By Vicki Needham - 10/16/13 04:09 PM EDT
Senate Majority Leader Harry ReidHarry ReidOvernight Finance: Puerto Rico bill clears panel | IRS chief vows to finish term | Bill would require nominees to release tax returns Wasserman Schultz fights to keep her job Overnight Defense: Pentagon chief fears sequestration's return MORE (D-Nev.) and Minority Leader Mitch McConnellMitch McConnellRyan seeks to put stamp on GOP in Trump era Trump and Ryan to speak by phone Bill would require nominees to release tax returns MORE (R-Ky.) huddled with their members on Capitol Hill and hammered out the final details of a deal that could gain congressional approval before the end of the day.
Senate leaders indicated they would take the reins and vote first as GOP senators such as Ted CruzTed CruzEleven states sue Obama over transgender bathroom directive Poll: Clinton leads Trump in Wisconsin by double digits GOP senators propose sending ISIS fighters to Gitmo MORE of Texas said he would not stand in the way of quick passage.
Speaker John BoehnerJohn BoehnerOvernight Finance: Puerto Rico bill clears panel | IRS chief vows to finish term | Bill would require nominees to release tax returns Overnight Defense: Pentagon chief fears sequestration's return GOP senator: Reid's 'ramblings' are 'bitter, vulgar, incoherent' MORE (R-Ohio) is expected to put the Senate agreement — extending the debt ceiling to Feb. 7 and opening the government until Jan. 15 — on the floor Wednesday.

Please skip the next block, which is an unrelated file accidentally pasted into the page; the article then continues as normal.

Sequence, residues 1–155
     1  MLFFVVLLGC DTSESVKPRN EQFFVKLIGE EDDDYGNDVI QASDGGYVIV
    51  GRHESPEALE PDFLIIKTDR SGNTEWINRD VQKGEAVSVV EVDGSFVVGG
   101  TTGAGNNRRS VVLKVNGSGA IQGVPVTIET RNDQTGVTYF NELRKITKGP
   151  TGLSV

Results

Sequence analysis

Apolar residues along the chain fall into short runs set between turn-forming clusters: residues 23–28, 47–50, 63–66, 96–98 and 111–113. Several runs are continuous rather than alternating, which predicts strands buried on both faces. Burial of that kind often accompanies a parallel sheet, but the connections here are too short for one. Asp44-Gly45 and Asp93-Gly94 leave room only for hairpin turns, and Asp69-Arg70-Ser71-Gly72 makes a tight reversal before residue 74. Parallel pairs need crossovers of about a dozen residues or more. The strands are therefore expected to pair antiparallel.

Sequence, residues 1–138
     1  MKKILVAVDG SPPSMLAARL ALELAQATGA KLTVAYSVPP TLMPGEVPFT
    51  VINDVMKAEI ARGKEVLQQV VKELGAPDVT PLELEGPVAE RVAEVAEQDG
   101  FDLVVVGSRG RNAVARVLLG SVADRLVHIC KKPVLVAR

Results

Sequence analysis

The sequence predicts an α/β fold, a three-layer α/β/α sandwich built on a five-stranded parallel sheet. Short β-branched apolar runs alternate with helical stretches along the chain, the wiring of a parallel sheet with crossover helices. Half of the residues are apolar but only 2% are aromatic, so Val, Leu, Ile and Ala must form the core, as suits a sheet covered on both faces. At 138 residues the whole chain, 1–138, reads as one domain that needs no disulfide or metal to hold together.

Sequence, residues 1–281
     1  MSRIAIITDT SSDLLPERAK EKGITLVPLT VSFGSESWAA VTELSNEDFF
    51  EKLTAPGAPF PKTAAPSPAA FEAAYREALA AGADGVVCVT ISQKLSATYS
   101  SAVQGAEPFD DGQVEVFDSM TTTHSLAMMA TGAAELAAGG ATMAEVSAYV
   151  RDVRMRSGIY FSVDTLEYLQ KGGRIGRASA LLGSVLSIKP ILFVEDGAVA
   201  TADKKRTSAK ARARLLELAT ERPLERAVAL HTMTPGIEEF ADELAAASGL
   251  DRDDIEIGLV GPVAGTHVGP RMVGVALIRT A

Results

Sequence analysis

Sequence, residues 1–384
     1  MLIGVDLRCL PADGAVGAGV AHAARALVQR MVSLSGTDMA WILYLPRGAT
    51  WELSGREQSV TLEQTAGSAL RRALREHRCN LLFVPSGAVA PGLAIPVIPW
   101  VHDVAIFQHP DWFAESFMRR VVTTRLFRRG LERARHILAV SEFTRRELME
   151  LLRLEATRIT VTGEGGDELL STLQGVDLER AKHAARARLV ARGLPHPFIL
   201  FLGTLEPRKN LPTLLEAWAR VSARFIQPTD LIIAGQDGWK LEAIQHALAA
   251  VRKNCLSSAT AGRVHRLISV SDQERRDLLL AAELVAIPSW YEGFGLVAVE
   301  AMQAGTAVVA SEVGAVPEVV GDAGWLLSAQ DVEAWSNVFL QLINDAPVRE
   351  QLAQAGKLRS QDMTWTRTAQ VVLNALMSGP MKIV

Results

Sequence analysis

"The Speaker will bring that bill to the House floor," Rep. Kevin BradyKevin BradyIRS doubted legality of ObamaCare payments, former official says Report: Pacific trade pact would boost growth, jobs and incomes Puerto Rico debt becomes constitutional fight on the right MORE (R-Texas) told Bloomberg television Wednesday morning.
The bill will allow President Obama to retain his power to use so-called extraordinary measures to preserve the ability of the government to pay its bills once it reaches the debt limit. The Treasury Department told Congress in May that the nation had hit the debt limit and it would be implementing thos measures.
The situation looked bleak on Tuesday night after House Republicans failed to garner enough votes for their latest plan, throwing the negotiations back to the Senate, where progress had been made earlier this week.
The pending deal also would create a budget conference designed to find replacement cuts for sequestration. The group of chosen members would have to report back by mid-December.
The credit rater Fitch said on Tuesday that the United States is on watch for a possible downgrade.
This posted was updated at 12:50 p.m.